Anne-Marie Culhane, a performer, activist and catalyser of projects who lives in Cornwall in the United Kingdom, tells about the projects â€˜Abundanceâ€™ and â€˜The Diary Keepersâ€™, about the festival â€˜Grow Sheffieldâ€™, and about exploring the dynamic relationship between the artist and the community:
When Anne-Marie Culhane talks about Art, it is not as it is commonly understood, a commodity to be bought and owned, but a narrative co-created by people seeking to bring the earth and belonging into an urbanised culture.
â€œIâ€™ve always been uncomfortable with the perception of an artist as a solitary creator whoâ€™s outside society,â€ she tells Transition Free Press.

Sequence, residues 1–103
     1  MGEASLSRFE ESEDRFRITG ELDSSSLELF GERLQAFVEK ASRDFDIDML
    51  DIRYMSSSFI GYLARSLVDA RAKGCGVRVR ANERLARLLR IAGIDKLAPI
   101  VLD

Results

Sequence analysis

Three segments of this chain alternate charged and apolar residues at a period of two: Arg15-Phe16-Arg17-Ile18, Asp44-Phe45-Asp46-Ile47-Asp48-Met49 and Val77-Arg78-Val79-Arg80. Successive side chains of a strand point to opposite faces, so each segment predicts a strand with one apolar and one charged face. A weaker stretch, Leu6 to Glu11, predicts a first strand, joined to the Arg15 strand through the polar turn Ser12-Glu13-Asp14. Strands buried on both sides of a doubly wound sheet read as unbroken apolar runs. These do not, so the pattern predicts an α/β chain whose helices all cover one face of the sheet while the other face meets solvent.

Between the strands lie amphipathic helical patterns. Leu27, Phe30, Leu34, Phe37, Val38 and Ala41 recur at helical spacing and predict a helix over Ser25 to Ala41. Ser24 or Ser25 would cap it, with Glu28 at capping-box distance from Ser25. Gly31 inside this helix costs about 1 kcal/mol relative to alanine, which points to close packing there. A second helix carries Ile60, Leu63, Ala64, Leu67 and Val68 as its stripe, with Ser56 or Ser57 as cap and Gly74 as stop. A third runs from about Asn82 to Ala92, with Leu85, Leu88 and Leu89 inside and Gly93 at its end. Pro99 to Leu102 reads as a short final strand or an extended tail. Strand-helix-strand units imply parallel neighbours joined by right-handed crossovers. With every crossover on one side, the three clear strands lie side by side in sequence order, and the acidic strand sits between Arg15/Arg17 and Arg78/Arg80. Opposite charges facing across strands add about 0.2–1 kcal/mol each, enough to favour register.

To be resilient in the face of ecological and economic challenges, communities need to be adaptive and collaborative. As climate scientists admit, â€œweâ€™re not managing to communicate properlyâ€. Because what inspires us to change are not dry facts, but celebration, creativity, and most of all, belonging:
â€œWe canâ€™t go into any meaningful thinking about the future unless we are examining how we live now, and the diversity of the way different people in the community live now: really looking, taking time, slowing down, observing our place within natural cycles, seeing what we share. So we can say: OK, this is where weâ€™re at. From this point we can look forward.â€
Anne-Marie Culhane developed a project, â€˜Diary Keepersâ€™, to engage people into thinking about these things by keeping a diary for a month, where they would be trying to answer questions about what it is like to live now.